Consequences of Underage DUI

Although some states take it easy on underage individuals that find themselves in the court systems, California is not one of them. The Zero Tolerance Law gives underage individuals who get a DUI no mercy in the courts. The consequences of underage DUI are just as severe as the penalties for those over 21 years of age. Let’s see what the consequences of a DUI are for underage individuals.

What is a DUI?

Driving Under the Influence or DUI is a charge that you’ll face if you get pulled over while intoxicated or suspicious of intoxication. The term intoxication can refer to either alcohol or drugs. It is bad enough when you get pulled over for a DUI and you are of legal drinking age, but when you are under 21, California courts want to teach you a lesson so you don’t have repeat offenses. 

Underage DUI Vehicle Codes

There are several vehicle codes that encompass DUI charges for underage individuals. They clearly state the protocol that must be followed by law officers and how the courts are to discipline such behavior.

Vehicle Code 23136

Vehicle Code 23136 states: “Notwithstanding Sections 23152 and 23153, it is unlawful for a person under the age of 21 years who has a blood-alcohol concentration of 0.01 percent or greater, as measured by a preliminary alcohol screening test or other chemical test, to drive a vehicle. However, this section shall not be a bar to prosecution under Section 23152 or 23153 or any other provision of law.”


In other words, if you are pulled over under suspicion of drunk driving and you are under 21, you are legally bound to participate in a preliminary alcohol screening (PAS) test. If it yields results higher than .01 BAC (blood alcohol content), you can be arrested.


It’s important to note that this code does not make it a crime to get a DUI under the age of 21. The catch is that if you do not go to court and fight the charge, your license will be suspended for one full year.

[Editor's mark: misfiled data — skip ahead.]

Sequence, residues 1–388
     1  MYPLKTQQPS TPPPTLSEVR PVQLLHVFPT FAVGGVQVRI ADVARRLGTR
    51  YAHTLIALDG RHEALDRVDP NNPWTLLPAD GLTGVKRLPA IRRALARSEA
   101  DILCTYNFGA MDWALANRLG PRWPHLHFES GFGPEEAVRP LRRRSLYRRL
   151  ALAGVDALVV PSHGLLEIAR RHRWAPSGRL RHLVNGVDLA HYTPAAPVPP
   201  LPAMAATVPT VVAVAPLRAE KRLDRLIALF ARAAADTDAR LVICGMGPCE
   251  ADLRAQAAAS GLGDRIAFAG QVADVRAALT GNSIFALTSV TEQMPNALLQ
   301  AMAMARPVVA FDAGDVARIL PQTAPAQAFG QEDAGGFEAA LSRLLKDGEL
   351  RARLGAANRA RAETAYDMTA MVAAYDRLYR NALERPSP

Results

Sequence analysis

Vehicle Code 23140

This code states: “(a) It is unlawful for a person under the age of 21 years who has 0.05 percent or more, by weight, of alcohol in his or her blood to drive a vehicle. (b) A person may be found to be in violation of subdivision (a) if the person was, at the time of driving, under the age of 21 years and under the influence of, or affected by, an alcoholic beverage regardless of whether a chemical test was made to determine that person’s blood-alcohol concentration and if the trier of fact finds that the person had consumed an alcoholic beverage and was driving a vehicle while having a concentration of 0.05 percent or more, by weight, of alcohol in his or her blood.” 


This code makes an underage DUI an infraction if the BAC is .05% and higher. That is .03% lower than standard DUI laws, meaning the laws are tougher for underage drivers. Also, a conviction of an infraction doesn’t necessarily lead to time in jail, but it does carry other serious consequences.

Consequences to Expect After an Underage DUI

So you think you’ll get off easy because it is classified as an infraction and a crime, but this is far from the truth. There are several ways the courts punish underage DUIs in California. Here are a few things you may be facing if you’re found guilty:

  • First offense carries a minimum fine of $100
  • License is suspended for one full year for first offenders
  • Substance abuse classes must be attended for a minimum of three months

These are minimum charges and if the judge feels that the individual needs more hefty consequences, he or she can adjust fines and times accordingly. 

Ways to Defend Against Your Charge of Underage DUI

If you are facing this serious charge, your best chance of getting off with less punishments is to find a good attorney who knows the laws, such as those at H Law Group. These professionals know how to make a great defense and fight on your behalf. Several ways that a defense lawyer can help are:

  • Argue that something else interfered with the PAS, such as recent mouthwash or diabetes complications
  • The arrest itself was illegal
  • Your BAC result was in the margin of error
  • Equipment used to perform the PAS was faulty
  • Your BAC was lower while driving because it was technically still rising
  • You weren’t driving (parked car DUI)


These defenses hold quite a bit of weight in the courts. In addition, attorneys have certain respect and relationships amongst prosecutors and might be able to negotiate the charges better than if you were defending yourself.


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